Background and Objectives: Ambient particulate matter (PM) in real urban air pollution (RUA) is an environmental health risk factor associated with increased cardiac events. This study investigated the threshold level to induce arrhythmia, as well as arrhythmogenic mechanism of RUA that mainly consisted of PM <2.5 μm in aerodynamic diameter close to ultrafine particles. Methods: RUA was artificially produced by a lately developed pyrolysis based RUA generator. C57BL/6 mice were divided into 4 groups: a control group (control, n=12) and three groups with exposure to RUA with the concentration of 200 µg/m3 (n=12), 400 µg/m3 (n=12), and 800 µg/m3 (n=12). Mice were exposed to RUA at each concentration for 8 hr/day and 5 day/week to mimic ordinary human activity during 3 weeks. Results: The QRS and QTc intervals, as well as intracellular Ca2+ duration, apicobasal action potential duration (APD) gradient, fibrosis, and inflammation of left ventricle of mouse hearts were increased dose-dependently with the increase of RUA concentration, and significantly increased at RUA concentration of 400 µg/m3 compared to control (all p<0.001). In mice exposed to RUA concentration of 800 µg/m3, spontaneous ventricular arrhythmia was observed in 42%, with significant increase of inflammatory markers, phosphorylated Ca2+/calmodulin-dependent protein kinase II (CaMKII), and phospholamban (PLB) compared to control. Conclusions: RUA could induce electrophysiological changes such as APD and QT prolongation, fibrosis, and inflammation dose-dependently, with significant increase of ventricular arrhythmia at the concentration of 400 µg/m3. RUA concentration of 800 µg/m3 increased phosphorylation of CaMKII and PLB.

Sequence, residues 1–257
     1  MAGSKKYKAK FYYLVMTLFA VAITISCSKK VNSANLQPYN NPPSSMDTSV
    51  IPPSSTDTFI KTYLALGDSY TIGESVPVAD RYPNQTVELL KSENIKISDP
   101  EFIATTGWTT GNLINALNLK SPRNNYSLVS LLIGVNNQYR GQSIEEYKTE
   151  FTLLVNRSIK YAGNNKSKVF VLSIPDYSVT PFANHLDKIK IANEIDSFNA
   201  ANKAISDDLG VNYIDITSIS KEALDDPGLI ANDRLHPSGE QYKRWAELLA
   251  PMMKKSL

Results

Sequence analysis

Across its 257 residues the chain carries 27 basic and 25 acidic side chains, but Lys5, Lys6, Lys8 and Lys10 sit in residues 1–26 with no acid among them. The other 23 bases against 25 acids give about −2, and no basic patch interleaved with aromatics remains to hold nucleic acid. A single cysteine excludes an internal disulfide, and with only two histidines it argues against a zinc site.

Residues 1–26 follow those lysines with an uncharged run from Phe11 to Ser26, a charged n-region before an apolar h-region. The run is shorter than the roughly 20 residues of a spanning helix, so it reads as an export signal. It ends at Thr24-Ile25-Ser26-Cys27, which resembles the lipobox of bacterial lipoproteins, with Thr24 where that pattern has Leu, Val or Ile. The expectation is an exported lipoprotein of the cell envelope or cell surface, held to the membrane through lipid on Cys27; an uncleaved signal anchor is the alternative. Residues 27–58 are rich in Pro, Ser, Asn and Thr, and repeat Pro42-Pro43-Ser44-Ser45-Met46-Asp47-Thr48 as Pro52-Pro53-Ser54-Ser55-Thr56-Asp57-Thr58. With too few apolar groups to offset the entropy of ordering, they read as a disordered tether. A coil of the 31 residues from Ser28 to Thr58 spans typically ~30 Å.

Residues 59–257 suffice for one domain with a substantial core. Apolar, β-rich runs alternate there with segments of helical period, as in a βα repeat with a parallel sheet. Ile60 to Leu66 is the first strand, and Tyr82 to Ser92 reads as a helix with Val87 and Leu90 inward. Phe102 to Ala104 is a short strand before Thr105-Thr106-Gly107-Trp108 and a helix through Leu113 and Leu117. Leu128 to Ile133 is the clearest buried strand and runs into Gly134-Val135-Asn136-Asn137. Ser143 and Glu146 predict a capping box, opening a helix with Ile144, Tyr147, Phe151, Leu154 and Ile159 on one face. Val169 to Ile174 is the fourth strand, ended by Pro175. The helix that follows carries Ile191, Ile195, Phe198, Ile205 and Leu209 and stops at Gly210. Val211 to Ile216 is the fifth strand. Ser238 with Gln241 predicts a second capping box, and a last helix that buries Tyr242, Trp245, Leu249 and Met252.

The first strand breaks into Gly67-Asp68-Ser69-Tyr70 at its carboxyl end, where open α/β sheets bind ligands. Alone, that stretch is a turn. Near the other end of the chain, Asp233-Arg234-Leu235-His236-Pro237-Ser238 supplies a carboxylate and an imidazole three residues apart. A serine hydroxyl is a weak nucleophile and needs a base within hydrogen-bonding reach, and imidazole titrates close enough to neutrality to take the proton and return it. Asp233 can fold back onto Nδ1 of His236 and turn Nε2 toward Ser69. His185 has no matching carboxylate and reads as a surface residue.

Bibliographical noteFunding Information:
This study's protocol was supported by the Institutional Animal Care and Use Committee of Yonsei University (IACUC-201710-640-01), and conformed to the guideline for the care and use of laboratory animals published by the United States National Institutes of Health.
This study was supported by research grants from the Korean Cardiac Research Foundation (201803-01), the Basic Science Research Program through the National Research Foundation of Korea, funded by the Ministry of Education, Science and Technology (NRF-2017R1A2B3003303), and the Korean Healthcare Technology R&D project, which is funded by the Ministry of Health & Welfare (HI16C0058). The Hyewon Park was supported by RP-Grant 2020 of Ewha Womans University.
All Science Journal Classification (ASJC) codes
- Internal Medicine
- Cardiology and Cardiovascular Medicine